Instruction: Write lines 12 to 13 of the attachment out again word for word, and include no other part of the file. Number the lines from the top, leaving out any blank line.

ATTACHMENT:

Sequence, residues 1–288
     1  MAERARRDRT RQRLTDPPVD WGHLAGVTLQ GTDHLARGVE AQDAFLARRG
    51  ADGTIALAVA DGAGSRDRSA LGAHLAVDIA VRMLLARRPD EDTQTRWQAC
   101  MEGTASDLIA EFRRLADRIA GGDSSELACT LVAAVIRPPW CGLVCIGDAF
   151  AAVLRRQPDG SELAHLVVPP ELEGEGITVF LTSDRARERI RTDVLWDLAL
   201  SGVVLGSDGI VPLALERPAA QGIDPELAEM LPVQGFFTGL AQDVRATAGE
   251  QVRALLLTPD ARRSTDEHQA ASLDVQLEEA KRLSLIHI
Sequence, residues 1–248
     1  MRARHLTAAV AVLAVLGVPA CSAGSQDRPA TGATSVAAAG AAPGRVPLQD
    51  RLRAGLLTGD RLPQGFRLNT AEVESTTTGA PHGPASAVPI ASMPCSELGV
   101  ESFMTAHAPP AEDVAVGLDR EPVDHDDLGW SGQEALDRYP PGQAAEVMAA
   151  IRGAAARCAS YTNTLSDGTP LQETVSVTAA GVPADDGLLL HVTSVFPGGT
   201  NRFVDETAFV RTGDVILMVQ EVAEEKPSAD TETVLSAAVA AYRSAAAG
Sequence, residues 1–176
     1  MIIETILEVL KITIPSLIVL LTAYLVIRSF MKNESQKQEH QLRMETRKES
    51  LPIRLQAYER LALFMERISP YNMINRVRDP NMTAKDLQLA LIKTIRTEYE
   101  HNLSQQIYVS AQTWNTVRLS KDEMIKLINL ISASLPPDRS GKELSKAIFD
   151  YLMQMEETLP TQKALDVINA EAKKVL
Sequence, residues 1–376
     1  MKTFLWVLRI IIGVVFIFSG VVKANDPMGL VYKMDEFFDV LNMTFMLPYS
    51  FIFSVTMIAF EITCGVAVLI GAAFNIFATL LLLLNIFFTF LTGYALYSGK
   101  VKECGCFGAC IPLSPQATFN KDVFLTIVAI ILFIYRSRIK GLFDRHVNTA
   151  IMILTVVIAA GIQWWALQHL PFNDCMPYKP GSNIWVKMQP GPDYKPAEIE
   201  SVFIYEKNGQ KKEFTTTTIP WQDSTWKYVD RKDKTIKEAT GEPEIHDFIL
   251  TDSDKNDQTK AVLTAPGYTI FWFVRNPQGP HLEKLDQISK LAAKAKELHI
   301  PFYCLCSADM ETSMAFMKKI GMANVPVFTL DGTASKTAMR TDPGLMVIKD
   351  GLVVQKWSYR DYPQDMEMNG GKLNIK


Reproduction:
   151  IRGAAARCAS YTNTLSDGTP LQETVSVTAA GVPADDGLLL HVTSVFPGGT
   201  NRFVDETAFV RTGDVILMVQ EVAEEKPSAD TETVLSAAVA AYRSAAAG